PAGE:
Today is Presidents’ Day, a federal holiday meant to celebrate George Washington’s birthday, which is actually February 22nd, and all the other U.S. presidents. Why, you might ask, have I chosen to illustrate this post with the cover of a biography of Alexander Hamilton, a man who was never president of the United States?
I do so because I’m currently reading the book, and although we’ve never published book reviews on the blog and don’t intend to start now, I wanted to talk about Presidents’ Day in terms of what I’ve learned from this book, given that many of the men involved--Washington, Adams, Jefferson, Madison, and Monroe--did become future presidents.
Back in the Stone Age, when I studied American history, I thought I was receiving an excellent education. I took Advanced Placement U.S. History at a high school with a reputation for being one of the best in the state of New Jersey. It wasn’t until I began reading Ron Chernow’s biography of Alexander Hamilton that I realized how little I actually knew about the men who founded our nation.
I, and I’m sure many other students of my generation, as well as previous generations, were taught that the Founding Fathers were high-minded patriots who worked together toward a common goal--independence. We were taught to respect these men. They were icons. Subsequent presidents are often compared to them and more often than not, fall short of these great men. How often have you heard people lament, where are the great leaders of today?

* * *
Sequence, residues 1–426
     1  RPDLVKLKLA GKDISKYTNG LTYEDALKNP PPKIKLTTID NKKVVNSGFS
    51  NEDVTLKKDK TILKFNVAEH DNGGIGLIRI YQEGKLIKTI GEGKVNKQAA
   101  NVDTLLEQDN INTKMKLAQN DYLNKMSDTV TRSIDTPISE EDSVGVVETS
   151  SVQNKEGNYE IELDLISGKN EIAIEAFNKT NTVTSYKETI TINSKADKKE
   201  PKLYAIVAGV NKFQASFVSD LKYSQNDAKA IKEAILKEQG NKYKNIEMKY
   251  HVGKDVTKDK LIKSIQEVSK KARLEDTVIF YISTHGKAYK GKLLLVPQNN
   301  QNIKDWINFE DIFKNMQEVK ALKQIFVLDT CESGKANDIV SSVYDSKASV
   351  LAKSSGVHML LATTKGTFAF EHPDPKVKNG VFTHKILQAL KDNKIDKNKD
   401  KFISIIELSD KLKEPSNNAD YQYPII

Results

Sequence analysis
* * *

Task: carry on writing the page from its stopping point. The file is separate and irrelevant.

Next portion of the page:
Yes, we knew these men had their differences, the biggest being the states rights vs. federal rights argument, and of course there was the slavery issue, which pitted the colonies of the south against the colonies of the north. But we were taught that these men put personal feelings aside to work on compromises to unify the colonies and create a great nation.
What we were never taught (and maybe what high school students today are still not taught) is that these men were just as human and just as flawed as any politicians who have followed. Yes, they reached compromise but not without intense animosity and hostility that led to broadside screeds, Machiavellian maneuverings, and constant backstabbing. Fake news? It’s been around from the very beginning, and you’d be surprised by some of the biggest perpetrators.
The book, which is documented up the wazoo with footnotes referencing actual writings from the people involved, is 800+ pages long. I’m only a little more than halfway finished, given my crazy life. If you know anything about me, you know I barely have time to brush my hair, let alone carve out a few minutes of “me” time now and then. I’m juggling two teenage kids, a communist mother-in-law, a boyfriend who may or may not be a spy, a Shakespeare-quoting parrot, and all those dead bodies—not to mention debt greater than the GNP of your average Third World country. Still, I’ve managed to get in a chapter or two once or twice a week.
I don’t believe in using this blog as a political platform. I believe we are all entitled to our opinions and beliefs. It’s what makes our nation great. I have friends who believe what I believe and friends who have opposite beliefs. I respect their views and don’t let our differences compromise our friendship. However, no matter on which side of the aisle you find yourself aligned, I think we all agree that we’re living in a time of political turmoil. Many would say it’s unprecedented.
Or is it?
What I’m learning from this book is that today’s political turmoil is anything but unprecedented in the history of our nation. That insight has put quite a bit of our current political climate into perspective for me, giving me hope that eventually, as has often happened in the past, our better angels will prevail. And that's why I wanted to talk about this book on Presidents’ Day.